Stop the Noise!

stopthenoiseThe world can be a noisy place. There are noises from the outside world that we cannot control in addition to the clatter we allow into our lives. From television to radio and mobile devices, we often turn to these distractions without thinking. Is it with purpose or to drown out our own thoughts because there is discomfort with silence? If our thoughts prompt our feelings and we are then moved to action, how is downtime and/or silence factored into the day? There’s no substitute for stillness. It need not be a prolonged, anxiety filled time. However, an awareness of how much we use noise to keep us separate from our inner selves can also be a profound awakening.

I frequently see people walking with headphones while also communicating on their phones. At the gym, almost everyone, me included, is listening to our music or watching/listening to the TVs and if not on an instrument of your choice, then there is background noise. Sound is everywhere, some unwelcomed and some that gives us information and calm. Notice when or if ever, you choose to be present and connected in the quiet?

Noise as a distraction affects us in many ways. Is it entertaining or numbing, educational content or a static din? While there’s no reason to subject yourself to unnecessary clatter, does inserting your earpieces protect or separate you from your environment? Is it an automatic response in your day or is it specific to a time/place?

Drowning out thoughts and emotions you may find uncomfortable or overwhelming can also complicate those same issues by delaying your attention to them. By tuning out noise and embracing silence, you may be surprised at emotions that might have been suppressed and are now free to flow.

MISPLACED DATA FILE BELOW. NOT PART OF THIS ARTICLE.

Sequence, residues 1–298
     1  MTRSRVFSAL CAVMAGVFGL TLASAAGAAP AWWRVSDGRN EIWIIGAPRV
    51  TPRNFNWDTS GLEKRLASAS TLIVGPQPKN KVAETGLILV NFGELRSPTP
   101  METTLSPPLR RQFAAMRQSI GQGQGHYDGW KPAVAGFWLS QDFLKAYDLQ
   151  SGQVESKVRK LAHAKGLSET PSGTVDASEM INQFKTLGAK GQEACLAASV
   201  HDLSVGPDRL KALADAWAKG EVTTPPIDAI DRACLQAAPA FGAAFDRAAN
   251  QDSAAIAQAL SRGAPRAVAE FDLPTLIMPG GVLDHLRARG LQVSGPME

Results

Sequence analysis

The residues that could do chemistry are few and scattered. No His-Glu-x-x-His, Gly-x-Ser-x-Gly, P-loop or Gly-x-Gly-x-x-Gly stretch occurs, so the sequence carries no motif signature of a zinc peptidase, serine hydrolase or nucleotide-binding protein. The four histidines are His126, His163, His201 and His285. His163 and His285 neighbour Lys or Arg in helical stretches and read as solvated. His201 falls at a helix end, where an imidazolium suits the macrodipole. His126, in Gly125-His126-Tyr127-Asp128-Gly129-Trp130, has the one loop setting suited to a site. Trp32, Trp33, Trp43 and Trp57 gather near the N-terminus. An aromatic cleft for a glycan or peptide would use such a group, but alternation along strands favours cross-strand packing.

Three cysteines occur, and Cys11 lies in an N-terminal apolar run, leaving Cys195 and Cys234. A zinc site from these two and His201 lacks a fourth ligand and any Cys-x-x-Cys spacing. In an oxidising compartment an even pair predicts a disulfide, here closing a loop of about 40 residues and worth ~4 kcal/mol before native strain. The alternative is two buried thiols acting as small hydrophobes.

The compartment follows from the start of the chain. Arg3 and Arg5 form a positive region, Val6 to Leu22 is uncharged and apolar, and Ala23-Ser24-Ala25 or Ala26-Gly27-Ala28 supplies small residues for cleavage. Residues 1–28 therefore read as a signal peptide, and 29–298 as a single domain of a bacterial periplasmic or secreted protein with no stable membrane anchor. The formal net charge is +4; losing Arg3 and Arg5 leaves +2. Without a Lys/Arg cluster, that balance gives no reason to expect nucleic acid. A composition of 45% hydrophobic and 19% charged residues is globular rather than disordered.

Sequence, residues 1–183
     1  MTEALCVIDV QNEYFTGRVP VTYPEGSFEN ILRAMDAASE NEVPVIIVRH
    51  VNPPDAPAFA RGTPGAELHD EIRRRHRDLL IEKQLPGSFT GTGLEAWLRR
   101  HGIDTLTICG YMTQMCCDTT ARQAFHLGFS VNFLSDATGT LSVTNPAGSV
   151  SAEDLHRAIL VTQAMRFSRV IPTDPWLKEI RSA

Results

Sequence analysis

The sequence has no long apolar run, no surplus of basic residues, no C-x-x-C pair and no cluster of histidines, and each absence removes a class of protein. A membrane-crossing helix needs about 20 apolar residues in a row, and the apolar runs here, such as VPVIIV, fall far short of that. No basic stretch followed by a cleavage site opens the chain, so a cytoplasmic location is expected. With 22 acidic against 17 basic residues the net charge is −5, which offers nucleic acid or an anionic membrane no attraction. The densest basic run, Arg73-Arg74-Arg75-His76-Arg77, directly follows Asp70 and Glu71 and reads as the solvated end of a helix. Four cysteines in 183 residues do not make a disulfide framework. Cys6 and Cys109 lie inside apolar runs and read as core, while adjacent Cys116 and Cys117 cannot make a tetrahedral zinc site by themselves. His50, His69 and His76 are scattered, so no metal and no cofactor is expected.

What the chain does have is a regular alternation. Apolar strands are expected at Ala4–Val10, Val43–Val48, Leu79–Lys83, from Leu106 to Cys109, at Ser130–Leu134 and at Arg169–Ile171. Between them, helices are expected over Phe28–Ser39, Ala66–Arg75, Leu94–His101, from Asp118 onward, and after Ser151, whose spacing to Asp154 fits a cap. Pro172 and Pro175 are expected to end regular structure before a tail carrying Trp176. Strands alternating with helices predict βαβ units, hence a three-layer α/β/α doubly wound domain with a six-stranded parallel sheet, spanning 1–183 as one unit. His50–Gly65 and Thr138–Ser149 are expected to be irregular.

Opting for a distraction free early morning is a good start. Refrain from turning on the TV until the evening, or limit it to specific programs or to your gym workouts. We have more technology and tools at our disposal than ever before and we are at choice in how we use them. Remember that silence can be golden too!

©MWeisner2017

Lighten Up!

strong-mover-201x300I hate clutter, but sometimes, behind closed doors, it can sneak up on you. Out of sight doesn’t mean it doesn’t exist. The lengthy bouts of inclement weather we have endured this spring have also made for unintended, positive consequences. Forced time indoors and the ensuing purges from closets, basement and attic are not only freeing but a trip down memory lane as well. Read on for my quick impressions and whether any resonate for you.
• Clearing out
• Five trash bags worth of clothing
• Weight lifted
• Holding on to the dream/image/notion of a secret/glamorous life waiting beyond
• The never worn striped sweater a la Audrey Hepburn on a Mediterranean yacht
• Sky high purple heels for the red carpet
• The chandelier earrings for the paparazzi
• More mundane; the comfortable look that feels more like a Halloween costume
• When do we really get our fashion sense and what is it a reflection of? Frozen in time.
• False eyelashes
• Gold headbands
• Outerwear for the après ski moments in the chalet perched on a mountain top overlooking a quaint Alpine village where the locals are sipping hot toddies.
• What about cooking utensils, dishes, glasses, and more?
• All to be used when entertaining, baking bread or making pasta from scratch. Seriously???